Tourist operators are lobbying the Apsara Authority, which oversees the management of the Angkor Archaeological Park about making changes to the multi-day pass. A single-day pass costs USD20 while the USD40 pass allows for unlimited entry into the park over a period of three consecutive days; tourists argue that tourists usually suffer from temple fatigue by the second day and miss a last day of touring the temples. By making the multiday pass more flexible, tour operators argue, temple visitorship would rise and tourists can be convinced to stay longer. The argument makes sense from an economic point of view, but what would the effect 0f longer tourist stays and increased temple visitorships do to the already-strained environment?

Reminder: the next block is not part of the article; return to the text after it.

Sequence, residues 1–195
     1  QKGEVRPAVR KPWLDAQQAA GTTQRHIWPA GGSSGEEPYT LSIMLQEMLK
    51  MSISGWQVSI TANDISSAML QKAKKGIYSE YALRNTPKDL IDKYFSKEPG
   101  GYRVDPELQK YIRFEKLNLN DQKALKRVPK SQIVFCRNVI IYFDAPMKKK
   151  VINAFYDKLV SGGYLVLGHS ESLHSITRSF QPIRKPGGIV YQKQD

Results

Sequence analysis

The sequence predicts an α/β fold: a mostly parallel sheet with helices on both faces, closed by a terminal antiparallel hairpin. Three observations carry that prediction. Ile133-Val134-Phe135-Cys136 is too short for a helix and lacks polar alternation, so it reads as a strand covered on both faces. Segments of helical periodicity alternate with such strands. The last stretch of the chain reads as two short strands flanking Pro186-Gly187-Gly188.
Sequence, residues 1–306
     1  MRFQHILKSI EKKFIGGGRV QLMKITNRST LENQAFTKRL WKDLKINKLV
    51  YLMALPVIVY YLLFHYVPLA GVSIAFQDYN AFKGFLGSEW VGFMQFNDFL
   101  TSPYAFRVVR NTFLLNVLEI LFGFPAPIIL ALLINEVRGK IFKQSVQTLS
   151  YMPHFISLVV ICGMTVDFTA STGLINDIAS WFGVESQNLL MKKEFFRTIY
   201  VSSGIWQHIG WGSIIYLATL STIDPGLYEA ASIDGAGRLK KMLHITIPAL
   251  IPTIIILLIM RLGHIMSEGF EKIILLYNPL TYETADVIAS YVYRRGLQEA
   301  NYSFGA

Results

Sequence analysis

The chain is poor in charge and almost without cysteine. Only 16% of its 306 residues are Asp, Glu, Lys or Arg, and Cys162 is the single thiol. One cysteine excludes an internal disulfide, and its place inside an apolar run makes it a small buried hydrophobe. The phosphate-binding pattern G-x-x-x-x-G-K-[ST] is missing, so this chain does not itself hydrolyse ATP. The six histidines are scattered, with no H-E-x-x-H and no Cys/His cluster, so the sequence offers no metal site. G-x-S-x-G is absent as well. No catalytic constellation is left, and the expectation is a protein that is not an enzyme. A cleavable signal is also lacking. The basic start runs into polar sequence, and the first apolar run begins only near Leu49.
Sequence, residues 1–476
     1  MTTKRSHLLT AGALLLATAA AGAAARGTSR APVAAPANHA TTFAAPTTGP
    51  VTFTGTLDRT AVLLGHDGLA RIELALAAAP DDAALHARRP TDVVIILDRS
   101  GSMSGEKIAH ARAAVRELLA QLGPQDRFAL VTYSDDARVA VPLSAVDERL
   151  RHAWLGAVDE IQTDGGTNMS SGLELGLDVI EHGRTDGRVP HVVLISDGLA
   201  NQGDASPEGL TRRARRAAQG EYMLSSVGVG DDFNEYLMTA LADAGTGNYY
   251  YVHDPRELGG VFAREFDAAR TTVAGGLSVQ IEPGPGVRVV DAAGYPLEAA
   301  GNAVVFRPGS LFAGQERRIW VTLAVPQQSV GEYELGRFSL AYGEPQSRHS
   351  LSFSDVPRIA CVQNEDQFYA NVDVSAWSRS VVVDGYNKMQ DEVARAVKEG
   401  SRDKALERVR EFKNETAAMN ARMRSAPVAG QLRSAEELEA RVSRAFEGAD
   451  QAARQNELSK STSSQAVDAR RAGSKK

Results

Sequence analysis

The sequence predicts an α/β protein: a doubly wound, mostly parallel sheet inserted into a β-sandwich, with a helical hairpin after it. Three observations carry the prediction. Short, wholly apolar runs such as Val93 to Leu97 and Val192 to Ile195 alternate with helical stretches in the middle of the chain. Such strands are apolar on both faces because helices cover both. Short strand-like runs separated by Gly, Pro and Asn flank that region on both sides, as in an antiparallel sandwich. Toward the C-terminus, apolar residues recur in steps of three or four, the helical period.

Tourism operators take on Apsara
Phnom Penh Post, 19 February 2009
Frustrated guesthouse owners, who say a nonconsecutive, multiday temple pass will boost the length of tourist bookings, are planning to petition Apsara. They point out that their complaint isn’t about the price of tickets, just the rigidity of the three-day consecutive package.
One guesthouse owner told the Post: “To be honest, the ticket price is now very good value for money. I don’t know how these prices have been in place, but I’ve been here since 1996 and the cost of the tickets was the same back then.”
The business owners also want to lobby members of Cambodia’s travel industry, the Tourism Working Group, who met with Minister of Tourism Thong Khon last Thursday to look at dropping travellers’ charges in a bid to stimulate the flagging tourism sector.
Ho Vandy, co-chair of the Tourism Working Group and head of the Steering Committee of the Cambodia Association of Travel Agents, last Thursday told the Post it was time for the government to act to halt the tourism downturn.